Implements (object genre)
From Domestic Cookery (1869) by Elizabeth Ellicott Lea: Pictured is a tall, narrow, wooden cask/barrel with a manually operated churn. Before it was used it would be filled with water to cool the churn and swell the barrel. In the 18th century butter became a standard part of the American diet. It was usually made at home in wooden or stoneware churns. Churning butter was an arduous process requiring time and stamina. Cream was poured into the cask and agitates with the churn (or dasher) until particles of butter float to the surface. The butter was then removed, washed, and then worked into a wooden bowl with a wooden paddle to remove excess moisture. What remained in the cask was butter milk. (Real buttermilk is churned, not cultured). Salt was added to the butter which flavored and preserved the butter. Sometimes carrot juice was also added in order to add color (especially in the winter when the cream is very light in color). The resulting butter was kept in stone crocks or wooden boxes.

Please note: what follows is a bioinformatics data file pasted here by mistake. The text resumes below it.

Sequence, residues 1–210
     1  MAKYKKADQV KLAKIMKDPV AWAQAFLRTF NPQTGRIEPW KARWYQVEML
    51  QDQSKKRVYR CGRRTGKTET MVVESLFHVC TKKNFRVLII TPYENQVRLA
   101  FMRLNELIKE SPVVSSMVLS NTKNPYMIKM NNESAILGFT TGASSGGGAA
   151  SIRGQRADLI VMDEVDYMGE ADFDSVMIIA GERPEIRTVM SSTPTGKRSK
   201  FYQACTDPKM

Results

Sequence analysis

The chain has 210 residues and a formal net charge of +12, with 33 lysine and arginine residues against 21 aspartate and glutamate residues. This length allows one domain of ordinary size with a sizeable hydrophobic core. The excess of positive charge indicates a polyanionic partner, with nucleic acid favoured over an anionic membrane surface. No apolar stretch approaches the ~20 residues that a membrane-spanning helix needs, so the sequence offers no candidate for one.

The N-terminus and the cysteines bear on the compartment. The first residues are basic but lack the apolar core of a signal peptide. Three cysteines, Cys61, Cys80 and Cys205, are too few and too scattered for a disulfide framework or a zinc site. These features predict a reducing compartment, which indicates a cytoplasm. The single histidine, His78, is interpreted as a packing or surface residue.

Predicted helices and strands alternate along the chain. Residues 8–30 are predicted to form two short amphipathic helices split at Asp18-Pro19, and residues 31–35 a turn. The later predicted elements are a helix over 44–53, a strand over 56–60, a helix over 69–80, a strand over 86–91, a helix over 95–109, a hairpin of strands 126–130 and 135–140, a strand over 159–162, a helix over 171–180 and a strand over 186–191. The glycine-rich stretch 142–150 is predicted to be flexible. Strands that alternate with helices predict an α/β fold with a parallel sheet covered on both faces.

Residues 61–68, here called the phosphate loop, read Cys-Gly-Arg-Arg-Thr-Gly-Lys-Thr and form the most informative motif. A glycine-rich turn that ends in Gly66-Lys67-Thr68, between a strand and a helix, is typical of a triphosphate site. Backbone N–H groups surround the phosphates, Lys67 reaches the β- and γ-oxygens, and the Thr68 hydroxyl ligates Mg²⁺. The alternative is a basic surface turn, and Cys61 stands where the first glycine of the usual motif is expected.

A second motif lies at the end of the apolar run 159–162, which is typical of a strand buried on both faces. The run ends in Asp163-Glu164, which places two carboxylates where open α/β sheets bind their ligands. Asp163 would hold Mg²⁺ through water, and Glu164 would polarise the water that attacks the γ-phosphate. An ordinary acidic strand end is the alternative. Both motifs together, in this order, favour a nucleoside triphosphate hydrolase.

Kitchen utensilsCookingUnited StatesHistory
No linguistic content
Michigan State University. Museum
Domestic cookery, useful receipts, and hints to young housekeepers, available at: https://n2t.net/ark:/85335/m5hm3x
Butter paddles, available at: https://n2t.net/ark:/85335/m5639k52g